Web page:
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By Enrique Grijalva

I don’t drink anymore, but when I did, I’d get white-boy wasted. There were mornings where I’d wake up at an unfamiliar subway stop — that was a popular reoccurrence, waking up to a place that looks as if it never belonged to a city, let alone New York. That still holds a special spot in my alcoholic memories. I often wonder how I got myself home sometimes. How did I NOT fall onto the train track? That’s the true sign of a shit-faced veteran.

I live in Uptown Manhattan and the trip to and from Brooklyn is a pain-in-the-ass…especially at night. I always trust the L train to get me back into this greed-sucking island.

It was at the 14th Street station on 8th Avenue where I would routinely spend many a night. The newsstand workers could probably distinguish me from the other Mexican drunks just by the glimmer of my drool, or the illustrious dopiness of my drunken stagger. I’d always purchase a 16.9 fluid ounce bottle of Poland Spring on an early morning. I picked the same spot to sit at: It was on the second closest staircase to the 16th Street exit, because I don’t believe in sitting next to anyone on those wooden benches, because I didn’t want to tip over and fall asleep on anyone, and because I’m a New Yorker who, like most of us, feels more comfortable sitting on anything resembling a stoop.

Many important decisions were made on this substitute stoop; many harsh realities were faced there; many bags of Ridgies were eaten there…and by the way, I feel that Ridgies get heavily overlooked in the potato chip world. It’s a top five potato chip. If you don’t agree, fight me.

A lot of time was lost in that station — time I won’t get back.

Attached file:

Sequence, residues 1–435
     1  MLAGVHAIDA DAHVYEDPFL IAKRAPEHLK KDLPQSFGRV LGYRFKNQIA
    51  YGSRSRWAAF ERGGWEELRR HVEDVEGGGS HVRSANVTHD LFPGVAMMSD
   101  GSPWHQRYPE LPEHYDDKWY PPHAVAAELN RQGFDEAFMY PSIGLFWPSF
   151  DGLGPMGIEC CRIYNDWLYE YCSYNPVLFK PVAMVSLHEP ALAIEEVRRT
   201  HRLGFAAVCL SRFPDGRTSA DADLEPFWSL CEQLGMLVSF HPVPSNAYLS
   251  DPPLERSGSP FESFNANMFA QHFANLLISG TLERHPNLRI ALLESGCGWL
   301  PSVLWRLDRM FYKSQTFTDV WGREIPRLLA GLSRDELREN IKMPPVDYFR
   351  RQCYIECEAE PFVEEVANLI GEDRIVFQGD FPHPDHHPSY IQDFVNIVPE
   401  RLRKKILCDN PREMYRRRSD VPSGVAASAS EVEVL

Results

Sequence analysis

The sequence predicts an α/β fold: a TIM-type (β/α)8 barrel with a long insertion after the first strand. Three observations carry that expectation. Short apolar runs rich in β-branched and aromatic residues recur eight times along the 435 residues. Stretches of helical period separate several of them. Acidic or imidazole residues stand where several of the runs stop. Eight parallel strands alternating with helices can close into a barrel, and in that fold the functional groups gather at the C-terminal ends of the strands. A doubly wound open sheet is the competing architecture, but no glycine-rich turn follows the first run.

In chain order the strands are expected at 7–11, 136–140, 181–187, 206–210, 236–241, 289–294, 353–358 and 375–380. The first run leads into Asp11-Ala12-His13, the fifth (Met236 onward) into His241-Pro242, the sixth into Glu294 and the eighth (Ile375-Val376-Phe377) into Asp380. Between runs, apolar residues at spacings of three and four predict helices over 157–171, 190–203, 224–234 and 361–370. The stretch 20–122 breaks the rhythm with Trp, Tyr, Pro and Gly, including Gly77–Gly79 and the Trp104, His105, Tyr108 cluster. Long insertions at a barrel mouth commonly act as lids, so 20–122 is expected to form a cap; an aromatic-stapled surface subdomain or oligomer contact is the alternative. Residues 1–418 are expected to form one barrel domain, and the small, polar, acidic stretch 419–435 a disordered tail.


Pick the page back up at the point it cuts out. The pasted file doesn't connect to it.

Sometimes, I take this same train when heading home from business or pleasure, and I still walk back to that same staircase, where I find myself retracing my old, drunken steps. But I see the difference now lies in the company I keep; now that I find myself walking with clear thoughts, I smile.

Although, this walk down memory lane is occasionally coated in a vague mist of nostalgia, I smile because I remember those thoughts –both good and bad — when I flashback to certain nights. They pop back into mind like crystallized photography, immortalized forever. Brief moments with strangers suddenly walking into my life, make their existence known…many without faces to reveal. Not an inch of detail to hold onto, except a blur of carefully smudged colors filled with energy. It was enough to let me know that these are souls that do exist.  And as a grey streak of noise moved past me, announcing its obnoxious, mechanical arrival, I’d board the train…clinging to the seats at the corner of the train as if it were my savior.

Recently, I went out looking for a drink or two. I walked past most of the bars I’d frequent; some hadn’t changed, others had, and the rest no longer existed. And I couldn’t bring myself to walk inside.

Had my need for a drink dissipated? No. I still wanted to sit down and relax with a beer, but the bars were just so packed. “So what?” I thought. “They’ve always been packed.” Had the crowd changed that drastically…or had I?

I found myself sober, sitting on the same platform where I’d spent many nights in a drunken stupor. I overheard a conversation between two women about love and relationships, and one drove home the point that communication is key.

It’s amazing what you can remember when you’re sober.

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